For some reason, using other than the default font in plots has been a major problem for me in R.
Supposedly, one can use the
extrafont package to manage all of that but I found it too cumbersome.
Instead, I found out that the
showtext package can make my life easier.
Even though working with text in plot is not yet completely free of troubles,
showtext has made many things easier.
Now, I can finally choose fonts freely and even use icons.
This blogposts gives you a how-to so that you can do that too.
Import and Use Fonts with showtext
A great source for fonts is Google’s font page. What is great abut this page is that it can display texts in many different fonts.
Once we found a nice font, we can use its name to make it available within R.
This is done with
Let’s import a couple of random fonts.
Notice that we have also used
This is necessary for
showtext to take over the show.
Otherwise, the new fonts would not be usable.
Now, let’s take a look at our new fonts.
You may wonder why we have used
We did this in order to ensure that the x-axis is not centered at 0 and our example texts won’t be outside of the plot.
Personally, I find this somewhat tedious but this can’t be helped, I guess.
With text elements we always run at the risk of writing outside of the plot area.
Next, let’s make our use of fonts somewhat more practical. In my last blog post, I stressed the use of highlighting a few important things instead of using many colors. Combine this with direct labels instead of a legend and you get this plot I created using the Fira Sans font.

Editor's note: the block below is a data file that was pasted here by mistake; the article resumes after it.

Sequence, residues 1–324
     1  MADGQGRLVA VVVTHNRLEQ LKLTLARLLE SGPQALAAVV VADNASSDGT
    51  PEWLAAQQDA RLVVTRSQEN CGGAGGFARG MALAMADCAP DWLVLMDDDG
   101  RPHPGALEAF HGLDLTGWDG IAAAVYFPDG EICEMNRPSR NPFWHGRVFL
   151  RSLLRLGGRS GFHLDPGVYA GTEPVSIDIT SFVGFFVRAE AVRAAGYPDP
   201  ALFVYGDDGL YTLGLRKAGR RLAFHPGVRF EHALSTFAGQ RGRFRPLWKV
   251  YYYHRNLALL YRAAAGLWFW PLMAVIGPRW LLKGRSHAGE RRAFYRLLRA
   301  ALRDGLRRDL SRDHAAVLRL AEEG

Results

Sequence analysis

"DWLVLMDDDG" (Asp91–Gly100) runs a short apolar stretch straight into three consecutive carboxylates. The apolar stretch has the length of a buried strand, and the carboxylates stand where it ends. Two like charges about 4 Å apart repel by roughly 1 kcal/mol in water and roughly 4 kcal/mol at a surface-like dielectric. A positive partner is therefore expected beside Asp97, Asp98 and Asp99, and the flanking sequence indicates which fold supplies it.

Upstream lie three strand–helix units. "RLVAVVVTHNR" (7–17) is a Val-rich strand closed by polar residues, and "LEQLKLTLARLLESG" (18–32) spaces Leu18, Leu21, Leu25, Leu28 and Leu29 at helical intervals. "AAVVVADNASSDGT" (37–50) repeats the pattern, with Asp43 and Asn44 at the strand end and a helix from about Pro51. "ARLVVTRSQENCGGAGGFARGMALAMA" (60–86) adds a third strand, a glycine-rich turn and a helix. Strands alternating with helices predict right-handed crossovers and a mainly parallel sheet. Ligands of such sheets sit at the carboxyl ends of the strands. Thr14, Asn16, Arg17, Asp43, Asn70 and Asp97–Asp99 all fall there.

Now, see what it would look like had I used the Lobster font instead.
Feels different doesn’t it? And this is still different than the Anton font.
Import and Use Icon Fonts with showtext
We can not only use regular text fonts but also icons with
For example, we may want to use one of the free Fontawesome icons.
To do so, download the newest version and extract the .otf-files into your working directory.
These contain the font information that you need.
Importing these (and any other font for that matter) works with
font_add() and the path to the .otf-files.
Now that we imported the fonts, we can use
geom_richtext() and some HTML wizardry to add icons to our previously imported fonts from Google.
But first, what we need is an icon’s unicode identifier?
The easiest way to find that is to stroll through the Fontawesome icons online. Then, find one that matches the font you want to use, e.g. free and solid. Finally, find it’s unicode character in the corresponding popup menu.
Once you got this, you can add
&#x in front of the unicode and wrap
<span> tags around it.
Within these tags, you will have to specify
font-family so that the icon is rendered.
This way, you can also use icons in scatter plots.
Though, make sure to set
fill=NA if you do not want to have white boxes around the icons.
You will notice that using the two previous code chunks will generate a lot of warnings about “native encoding”. So far, I have always been able to ignore these without any trouble. I really don’t know why they appear. And if you know, please let me know in the comments below.